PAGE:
When she was in the boot, I asked her is she’d write a guest blog post for me on her injury lessons. When I read her words, I though, “I wish someone had told me this stuff when I was spectacularly flailing through my first injury recovery.”
Dr. Lara Latimer and I met after a panel discussion for injured athletes. We met in person and nearly two and a half hours flew by as we got to know one another. We both believe challenges and injuries are some of life’s best (and most unforgiving) teachers; we both love nature (especially unexpected beauty) and being outside; we are on the same wavelength about healthy lifestyle choices and relationships. As much as we have in common, it should have come as no surprise that we share the same birthday too.
Dr. Lara Latimer is a Personal Wellness Advocate who works with individuals to help them change their health behaviors in order to improve their overall health and quality of life. She primarily focuses on helping people find sustainable solutions to health goals such as weight loss, improving diet, and incorporating regular exercise. Lara’s holistic approach is sensitive, yet no-nonsense, and combines mind, body, and spirit. She works with people to help them build the confidence and skills necessary to achieve lasting changes that come from the inside out.
She’s an insightful, honest, and humorous writer, as you’re about to find out. You’ll love her website, and if you need to reach her by email, she’s at firstname.lastname@example.org.
I’m very appreciative of the hours of reflection, honesty, and humor Lara has shared in her guest blog post. Also, Lara took all the nature photos in this blog. When injury forces you to slow down, do what Lara is doing. Notice the exceptional beauty surrounding you.
I don’t really think of myself as an athlete because I don’t particularly enjoy competing, and I am consistently mediocre at most physical activities I attempt. Perhaps I should change my paradigm, though, as most of the injuries I’ve sustained are due to overuse…apparently I’m engaging in athletic pursuits more than the average person. Exercise is my favorite pastime, which is problematic when injuries crop up. Every time I’m injured, I inevitably expend a significant amount of energy trying to figure out how to not feel like I want to jump out of my own skin.
Apparently the previous plantar fasciitis (in both feet at the same time), knee pain, metatarsal stress fracture, tibialis tendonitis, and quad injury weren’t enough to solidify the great life lessons that injury has to offer. I needed a reminder. Clearly the universe was trying to tell me something. My feet had been bothering me for a few months…nagging heel pain that went away within the first mile of a run and mostly just hurt when I first started walking after rest. Not enough to derail me. Then I took a spill. The ground came out of nowhere. I was running in an area where I often run and fell. Hard. On thick gravel. Busted my shins and knees. Blood, cuts, and bruises. I went for a run the next day to “test it out” and felt pain with every step from the bruising, but within a few days I was feeling much better. Of course I thought it was just a fluke thing and was glad that I hadn’t lost any teeth or had to take time off. Perhaps I should’ve taken a breather though, and I am glad I have a scar to remind me to stop and take note of the universe’s messages.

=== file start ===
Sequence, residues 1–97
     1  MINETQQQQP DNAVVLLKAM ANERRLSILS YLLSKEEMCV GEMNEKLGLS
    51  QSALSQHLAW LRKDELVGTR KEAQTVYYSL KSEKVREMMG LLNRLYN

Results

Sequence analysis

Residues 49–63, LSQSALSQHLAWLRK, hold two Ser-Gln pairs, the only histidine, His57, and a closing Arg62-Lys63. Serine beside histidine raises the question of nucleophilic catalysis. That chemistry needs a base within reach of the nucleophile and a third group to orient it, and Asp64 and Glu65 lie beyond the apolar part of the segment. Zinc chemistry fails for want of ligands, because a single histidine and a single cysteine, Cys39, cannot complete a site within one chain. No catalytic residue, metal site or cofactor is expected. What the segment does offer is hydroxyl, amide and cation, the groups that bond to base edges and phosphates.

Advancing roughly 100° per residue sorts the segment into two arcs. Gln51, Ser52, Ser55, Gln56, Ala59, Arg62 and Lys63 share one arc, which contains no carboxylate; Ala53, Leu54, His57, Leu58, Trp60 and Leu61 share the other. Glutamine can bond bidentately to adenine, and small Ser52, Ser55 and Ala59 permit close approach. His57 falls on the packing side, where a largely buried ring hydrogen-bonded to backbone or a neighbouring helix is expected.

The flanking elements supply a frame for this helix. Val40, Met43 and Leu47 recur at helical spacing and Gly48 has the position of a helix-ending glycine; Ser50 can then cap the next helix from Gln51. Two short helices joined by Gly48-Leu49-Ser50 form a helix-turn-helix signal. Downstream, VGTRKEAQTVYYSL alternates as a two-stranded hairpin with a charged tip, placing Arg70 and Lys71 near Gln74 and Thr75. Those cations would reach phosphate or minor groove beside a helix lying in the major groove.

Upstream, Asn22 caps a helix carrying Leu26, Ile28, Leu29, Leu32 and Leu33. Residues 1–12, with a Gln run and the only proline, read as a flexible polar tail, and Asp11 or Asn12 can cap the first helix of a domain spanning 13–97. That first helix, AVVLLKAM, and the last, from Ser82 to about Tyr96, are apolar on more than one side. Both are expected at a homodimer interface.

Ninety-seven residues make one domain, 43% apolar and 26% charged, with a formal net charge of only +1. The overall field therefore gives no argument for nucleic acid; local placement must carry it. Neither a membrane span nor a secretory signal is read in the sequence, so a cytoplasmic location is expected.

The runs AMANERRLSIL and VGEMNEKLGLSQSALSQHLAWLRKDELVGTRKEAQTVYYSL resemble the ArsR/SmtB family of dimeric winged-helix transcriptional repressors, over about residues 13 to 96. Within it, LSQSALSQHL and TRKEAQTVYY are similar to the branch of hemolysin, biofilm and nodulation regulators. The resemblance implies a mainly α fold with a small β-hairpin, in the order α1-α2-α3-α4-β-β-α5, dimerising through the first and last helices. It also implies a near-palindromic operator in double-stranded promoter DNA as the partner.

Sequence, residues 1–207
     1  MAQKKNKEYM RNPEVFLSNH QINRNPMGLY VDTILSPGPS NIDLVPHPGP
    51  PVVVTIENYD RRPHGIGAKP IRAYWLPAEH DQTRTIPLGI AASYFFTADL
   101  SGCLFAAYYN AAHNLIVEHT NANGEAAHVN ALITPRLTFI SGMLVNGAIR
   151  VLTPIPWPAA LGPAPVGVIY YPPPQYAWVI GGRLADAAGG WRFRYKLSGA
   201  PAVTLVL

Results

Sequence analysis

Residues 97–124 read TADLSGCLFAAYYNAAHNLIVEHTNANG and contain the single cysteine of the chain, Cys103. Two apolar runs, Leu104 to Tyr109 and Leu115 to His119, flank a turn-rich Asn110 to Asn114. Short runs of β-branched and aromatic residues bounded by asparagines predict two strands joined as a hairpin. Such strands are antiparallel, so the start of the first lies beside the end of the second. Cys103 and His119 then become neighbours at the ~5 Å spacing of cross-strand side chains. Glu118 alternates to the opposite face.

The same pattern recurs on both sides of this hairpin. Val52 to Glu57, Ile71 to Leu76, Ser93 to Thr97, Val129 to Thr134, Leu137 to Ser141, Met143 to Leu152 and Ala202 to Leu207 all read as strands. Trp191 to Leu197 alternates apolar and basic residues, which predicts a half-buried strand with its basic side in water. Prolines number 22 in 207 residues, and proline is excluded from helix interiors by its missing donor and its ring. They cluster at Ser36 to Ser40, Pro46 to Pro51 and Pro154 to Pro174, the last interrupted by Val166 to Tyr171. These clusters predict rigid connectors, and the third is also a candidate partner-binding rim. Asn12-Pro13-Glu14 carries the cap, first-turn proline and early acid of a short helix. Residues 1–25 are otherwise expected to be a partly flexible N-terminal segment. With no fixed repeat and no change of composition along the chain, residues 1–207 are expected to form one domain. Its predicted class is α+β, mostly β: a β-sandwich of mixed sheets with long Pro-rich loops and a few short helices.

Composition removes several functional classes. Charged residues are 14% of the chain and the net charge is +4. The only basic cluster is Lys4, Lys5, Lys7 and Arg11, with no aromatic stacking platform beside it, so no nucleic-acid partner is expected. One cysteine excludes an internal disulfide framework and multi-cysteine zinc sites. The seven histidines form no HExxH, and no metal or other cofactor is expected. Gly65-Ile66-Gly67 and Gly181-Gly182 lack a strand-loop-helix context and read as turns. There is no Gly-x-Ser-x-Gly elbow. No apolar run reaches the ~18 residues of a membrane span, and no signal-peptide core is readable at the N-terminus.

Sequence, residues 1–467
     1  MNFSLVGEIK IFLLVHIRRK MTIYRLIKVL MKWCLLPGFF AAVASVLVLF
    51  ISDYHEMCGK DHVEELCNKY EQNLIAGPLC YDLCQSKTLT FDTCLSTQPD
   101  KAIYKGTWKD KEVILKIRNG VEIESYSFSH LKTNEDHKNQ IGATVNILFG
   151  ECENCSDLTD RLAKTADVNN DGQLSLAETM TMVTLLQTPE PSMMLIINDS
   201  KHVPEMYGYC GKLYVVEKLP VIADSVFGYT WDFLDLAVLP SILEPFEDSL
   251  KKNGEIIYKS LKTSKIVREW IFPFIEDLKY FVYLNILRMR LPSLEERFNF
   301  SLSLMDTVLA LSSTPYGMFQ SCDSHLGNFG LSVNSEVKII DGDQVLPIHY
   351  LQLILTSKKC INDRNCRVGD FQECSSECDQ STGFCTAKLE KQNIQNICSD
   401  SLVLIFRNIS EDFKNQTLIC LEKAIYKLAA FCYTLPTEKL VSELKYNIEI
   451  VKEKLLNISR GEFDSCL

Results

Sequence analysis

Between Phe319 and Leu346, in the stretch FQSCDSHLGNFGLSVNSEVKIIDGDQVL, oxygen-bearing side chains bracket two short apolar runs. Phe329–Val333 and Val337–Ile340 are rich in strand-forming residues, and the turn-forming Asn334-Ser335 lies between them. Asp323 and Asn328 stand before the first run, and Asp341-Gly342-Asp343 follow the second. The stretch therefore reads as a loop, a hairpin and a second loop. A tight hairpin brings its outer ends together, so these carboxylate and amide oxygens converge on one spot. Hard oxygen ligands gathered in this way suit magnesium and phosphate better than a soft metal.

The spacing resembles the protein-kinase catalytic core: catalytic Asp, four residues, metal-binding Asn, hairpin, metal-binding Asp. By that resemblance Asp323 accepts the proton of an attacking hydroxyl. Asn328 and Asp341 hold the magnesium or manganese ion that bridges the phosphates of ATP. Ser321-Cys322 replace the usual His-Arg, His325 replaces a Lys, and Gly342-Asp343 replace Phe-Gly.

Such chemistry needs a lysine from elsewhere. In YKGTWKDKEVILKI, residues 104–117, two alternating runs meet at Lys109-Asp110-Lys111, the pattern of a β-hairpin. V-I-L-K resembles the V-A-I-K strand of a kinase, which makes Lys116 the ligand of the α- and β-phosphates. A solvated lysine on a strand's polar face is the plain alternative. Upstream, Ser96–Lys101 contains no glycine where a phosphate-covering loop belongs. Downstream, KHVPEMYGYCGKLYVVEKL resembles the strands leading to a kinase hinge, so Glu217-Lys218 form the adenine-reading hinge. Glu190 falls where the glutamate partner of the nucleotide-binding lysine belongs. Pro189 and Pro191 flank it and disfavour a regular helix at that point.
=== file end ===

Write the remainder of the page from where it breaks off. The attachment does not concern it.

I continued with my regular activity after the fall, and within three weeks I landed in a boot. I set out for a short run and almost instantly felt something wasn’t right. I thought I could run through it, but it was clear at mile 2 that things were not moving in that direction. I turned around to head home and was struggling just to walk. I was pretty sure it was a stress fracture. I had one a few years ago, and the pain I felt was familiar. I went to the doctor that afternoon and was so proud of myself for addressing it immediately (the last stress fracture I had I continued with regular activity for 6 weeks before going to the doctor). The treatment plan was pretty straight forward: Boot. Rest.
I tried to stay optimistic with the projection of 6-8 weeks healing time, but I felt pretty limited activity-wise, relative to my norm. So what to do with so much down time? Enter the frustrating beauty of injury. If you choose to receive it, injury has a lot to offer. The list below highlights things that I was reminded of with my latest injury.
LARA’S INJURY LESSONS
1) Impermanence–For Better or Worse
Impermanence is a core principle I try to live by. It’s something that I find consoles me when I’m in pain and humbles me when I get a little too big for my britches. Situations, people, things–these are all transient. Injury provides another context in which I can practice this paradigm. I love running. I feel most like myself when I’m running. As soon as I’m done running I wish I was still running. Pretty much any time you see me, I’d rather be running. But running is a positive in my life that will not always be there. Impermanence. Perhaps it is only unavailable temporarily (e.g., with my latest injury), but there may be a day when I am completely unable to run again (e.g., due to old age). I can relish in the joy that exists while I’m able to run. I am reminded that this joy is not dependent upon speed or distance. The ability to run is an example of a good thing that is impermanent. On the other hand, my current injury is also impermanent [insert red dress lady dancing emoji] – a less-positive thing that will not last for ever. For better or for worse, I’m thankful for being reminded, “this too shall pass.”
2) My Insides are Trying to Tell Me Something
My body is a crying baby. It is trying to tell me something, but it’s hard for me to determine what. My latest injury has helped illuminate some long-standing coping mechanisms. I do truly enjoy physical activity, but I believe my injuries are (at least partially) a result of my inability to directly and productively face negative emotion. I have fear, insecurity, and anxiety that I feel ill-equipped to handle at times. I can’t face the negative emotion, and then–double whammy–I can’t face the not knowing how to address it. I’m largely unaware of what’s happening as my body moves in autopilot, because my conscious mind just thinks “I want to go run” or “I feel like going to the gym.” When I lose my activity outlets, I’m much more aware of the raw emotion that lurks.
3) A Return to Things that Feed Me